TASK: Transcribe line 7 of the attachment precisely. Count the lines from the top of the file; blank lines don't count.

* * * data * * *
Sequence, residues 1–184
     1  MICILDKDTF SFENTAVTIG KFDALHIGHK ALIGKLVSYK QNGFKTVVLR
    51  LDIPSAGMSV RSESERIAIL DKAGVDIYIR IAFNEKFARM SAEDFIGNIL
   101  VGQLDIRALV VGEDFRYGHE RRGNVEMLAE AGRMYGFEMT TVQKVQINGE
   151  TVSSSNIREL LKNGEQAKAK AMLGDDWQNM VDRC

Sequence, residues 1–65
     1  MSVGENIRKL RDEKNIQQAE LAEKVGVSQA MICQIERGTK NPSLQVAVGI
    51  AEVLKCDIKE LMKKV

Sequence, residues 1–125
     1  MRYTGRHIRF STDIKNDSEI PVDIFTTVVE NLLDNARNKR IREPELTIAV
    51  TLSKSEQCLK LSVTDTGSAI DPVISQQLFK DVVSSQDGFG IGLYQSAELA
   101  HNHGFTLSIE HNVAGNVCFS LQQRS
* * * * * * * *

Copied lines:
     1  MSVGENIRKL RDEKNIQQAE LAEKVGVSQA MICQIERGTK NPSLQVAVGI